Welcome to Mile Markers, a bimonthly newsletter about rural higher education. I’m Nick Fouriezos, an Open Campus national reporter who grew up at the crossroads of suburban Atlanta and the foothills of Appalachia.
- 01: Postcards: Fighting higher ed doubts, imposter syndrome.
- 02: Roadside Attractions: College closures as relief funds dry up.
- 03: In the Sticks: In rural Humboldt, hotels become student housing.
Growing up in the ski resort town of Mount Shasta, a town of a few thousand people at the merging point of State Highway 89 and I-5, Miranda Connelly is well aware of the paradoxes of life in rural Northern California.
Drive 15 minutes east, and you find yourself in an upscale neighborhood with a luxe golf course and the country club crowd to accompany it.
Drive 15 minutes north, and you reach the rolling farms of Weed, where, of course, you can buy a t-shirt of Snoop Dogg declaring “I love Weed (California).”
In between those extremes, there were other polarities more troubling to her. She saw incredible wealth all around her, and yet, tremendous poverty was just a short drive away as well.
“I grew up with both the peace-loving hippies, the really conservative folks, and there’s really nobody in between it seems,” she says.
Despite the paradoxes around her, one constant in her upbringing was education. Her mother was a humanities professor at the College of the Siskiyous, a two-year institution in Weed.
Connelly earned her associates degree from College of the Siskiyous and transferred to Cal Poly Humboldt four hours away.
There was never a question she would go to college. But as she got older, she realized college was a rarity for many of her peers.
Just about 21% of Siskiyou County’s adults over 25 have a bachelor’s degree, significantly below California’s 35% average.
Despite two local scholarships available to cover gaps in federal and state aid, a number of her peers were convinced they couldn’t afford college, and chose to pass on even trying.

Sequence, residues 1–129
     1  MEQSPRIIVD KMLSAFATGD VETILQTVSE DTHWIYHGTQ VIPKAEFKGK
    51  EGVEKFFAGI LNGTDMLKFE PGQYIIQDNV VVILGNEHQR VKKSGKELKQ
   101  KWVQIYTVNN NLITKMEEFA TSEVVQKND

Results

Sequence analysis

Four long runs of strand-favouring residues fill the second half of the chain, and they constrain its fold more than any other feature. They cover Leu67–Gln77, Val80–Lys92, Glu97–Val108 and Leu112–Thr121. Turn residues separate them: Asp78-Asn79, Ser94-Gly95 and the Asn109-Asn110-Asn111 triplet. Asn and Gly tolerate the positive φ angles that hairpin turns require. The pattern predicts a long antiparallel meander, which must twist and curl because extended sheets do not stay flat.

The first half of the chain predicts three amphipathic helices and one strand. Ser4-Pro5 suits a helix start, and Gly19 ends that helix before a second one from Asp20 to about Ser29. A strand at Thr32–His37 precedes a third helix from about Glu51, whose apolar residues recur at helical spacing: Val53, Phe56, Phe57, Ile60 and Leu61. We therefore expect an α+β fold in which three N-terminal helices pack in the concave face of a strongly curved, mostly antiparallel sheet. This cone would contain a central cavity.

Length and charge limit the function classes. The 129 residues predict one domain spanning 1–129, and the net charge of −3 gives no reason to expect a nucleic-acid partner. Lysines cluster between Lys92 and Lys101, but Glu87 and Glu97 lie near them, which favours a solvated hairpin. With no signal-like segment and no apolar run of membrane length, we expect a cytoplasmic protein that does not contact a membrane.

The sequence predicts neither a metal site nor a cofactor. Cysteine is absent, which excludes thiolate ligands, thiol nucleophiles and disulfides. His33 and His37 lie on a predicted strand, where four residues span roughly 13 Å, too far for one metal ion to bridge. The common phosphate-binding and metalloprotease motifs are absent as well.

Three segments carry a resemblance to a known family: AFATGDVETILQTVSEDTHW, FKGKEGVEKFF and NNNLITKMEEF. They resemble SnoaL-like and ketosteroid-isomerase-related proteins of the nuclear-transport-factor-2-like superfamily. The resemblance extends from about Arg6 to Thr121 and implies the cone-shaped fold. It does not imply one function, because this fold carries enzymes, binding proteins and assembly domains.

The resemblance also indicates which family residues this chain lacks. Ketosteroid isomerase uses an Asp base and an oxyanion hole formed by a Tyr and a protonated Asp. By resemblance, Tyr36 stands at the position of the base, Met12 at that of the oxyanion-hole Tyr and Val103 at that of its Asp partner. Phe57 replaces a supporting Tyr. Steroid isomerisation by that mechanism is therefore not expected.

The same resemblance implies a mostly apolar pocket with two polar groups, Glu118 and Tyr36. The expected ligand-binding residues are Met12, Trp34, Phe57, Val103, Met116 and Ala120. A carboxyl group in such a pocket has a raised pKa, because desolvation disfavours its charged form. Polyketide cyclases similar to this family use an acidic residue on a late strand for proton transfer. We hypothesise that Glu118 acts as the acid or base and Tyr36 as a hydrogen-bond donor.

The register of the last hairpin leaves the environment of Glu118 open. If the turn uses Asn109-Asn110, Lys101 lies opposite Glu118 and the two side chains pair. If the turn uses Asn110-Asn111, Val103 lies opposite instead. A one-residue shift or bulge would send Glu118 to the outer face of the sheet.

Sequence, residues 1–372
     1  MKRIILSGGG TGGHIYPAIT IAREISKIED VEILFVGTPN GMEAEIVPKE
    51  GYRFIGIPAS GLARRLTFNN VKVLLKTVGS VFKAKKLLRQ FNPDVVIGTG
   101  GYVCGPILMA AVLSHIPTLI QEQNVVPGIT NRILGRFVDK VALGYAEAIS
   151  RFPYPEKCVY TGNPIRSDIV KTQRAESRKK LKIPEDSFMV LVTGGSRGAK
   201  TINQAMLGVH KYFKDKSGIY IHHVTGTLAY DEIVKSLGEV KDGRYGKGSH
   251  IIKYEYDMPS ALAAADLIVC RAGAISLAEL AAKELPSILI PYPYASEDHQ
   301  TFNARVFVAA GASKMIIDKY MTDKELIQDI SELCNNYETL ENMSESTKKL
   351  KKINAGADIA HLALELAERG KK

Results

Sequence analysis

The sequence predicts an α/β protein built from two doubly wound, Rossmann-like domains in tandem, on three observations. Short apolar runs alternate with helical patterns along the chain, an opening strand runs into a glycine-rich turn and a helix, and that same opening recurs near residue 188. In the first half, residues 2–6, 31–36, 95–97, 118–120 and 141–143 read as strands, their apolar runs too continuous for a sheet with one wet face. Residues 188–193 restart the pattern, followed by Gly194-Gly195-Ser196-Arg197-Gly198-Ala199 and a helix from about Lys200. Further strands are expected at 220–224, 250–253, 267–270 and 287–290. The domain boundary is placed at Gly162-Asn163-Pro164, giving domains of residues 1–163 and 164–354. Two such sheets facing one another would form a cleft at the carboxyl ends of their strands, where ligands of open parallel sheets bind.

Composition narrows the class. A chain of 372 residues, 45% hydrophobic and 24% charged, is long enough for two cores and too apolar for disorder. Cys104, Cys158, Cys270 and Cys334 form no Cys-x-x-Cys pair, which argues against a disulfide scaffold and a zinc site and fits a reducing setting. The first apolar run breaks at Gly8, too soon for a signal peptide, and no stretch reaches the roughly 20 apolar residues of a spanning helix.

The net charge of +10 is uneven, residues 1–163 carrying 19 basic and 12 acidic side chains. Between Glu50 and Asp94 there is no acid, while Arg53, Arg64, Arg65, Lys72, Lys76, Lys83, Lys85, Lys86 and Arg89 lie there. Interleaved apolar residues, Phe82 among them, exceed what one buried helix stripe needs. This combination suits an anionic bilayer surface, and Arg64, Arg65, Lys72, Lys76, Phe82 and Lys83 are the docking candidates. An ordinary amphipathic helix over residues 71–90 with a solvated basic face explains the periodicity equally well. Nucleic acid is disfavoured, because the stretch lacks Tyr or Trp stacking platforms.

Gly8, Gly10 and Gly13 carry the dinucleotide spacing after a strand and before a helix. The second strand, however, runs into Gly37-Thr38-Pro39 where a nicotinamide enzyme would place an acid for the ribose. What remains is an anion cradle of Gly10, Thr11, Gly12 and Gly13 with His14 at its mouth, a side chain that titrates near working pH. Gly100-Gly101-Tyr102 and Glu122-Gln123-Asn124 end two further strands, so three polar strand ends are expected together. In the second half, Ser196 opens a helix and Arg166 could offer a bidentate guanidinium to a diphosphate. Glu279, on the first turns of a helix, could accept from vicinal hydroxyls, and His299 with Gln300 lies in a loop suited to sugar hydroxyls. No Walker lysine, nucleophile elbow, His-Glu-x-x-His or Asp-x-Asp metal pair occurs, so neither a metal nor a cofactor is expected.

“For so many years, they had it pounded into their heads that it wasn’t feasible,” Connelly says.
“It’s not a blatant thing. It’s mostly parents just saying they can’t afford to send them to college. It’s an unwritten thing. But it adds barriers.”
Connelly, who now works as an academic mentor to first-generation students, notes that many rural students are the first in their families to go to college. They don’t always know how the system works.
For example, Connelly once congratulated a mentee for needing just a few more courses to graduate with their associate’s degree. Then, she realized the student had thought it was a four-year program.
“If you don’t know, you haven’t seen the college experience explicitly like that, you feel very judged … and maybe too vulnerable to even ask a question about something like that,” she says.
02: Roadside Attractions
- New Vermont State University promises rural development. The merger of three higher education institutions aims to lower tuition for in-state students by 15% while offering flexible in-person and online courses, with a distinct mission to be “a catalyst for rural advancement.” Among its initial rural efforts: a Certificate in 3D Technology and opportunities for local startups to work with its Advanced Manufacturing Center.
- Another rural college closure. Presentation College, an Aberdeen, S.D. college founded by Catholic nuns seven decades ago, recently announced it is closing as its enrollment dropped below 600 students. As Higher Ed Dive reports, it joins a number of small, private institutions closing as pandemic relief funding fades and financial realities set in.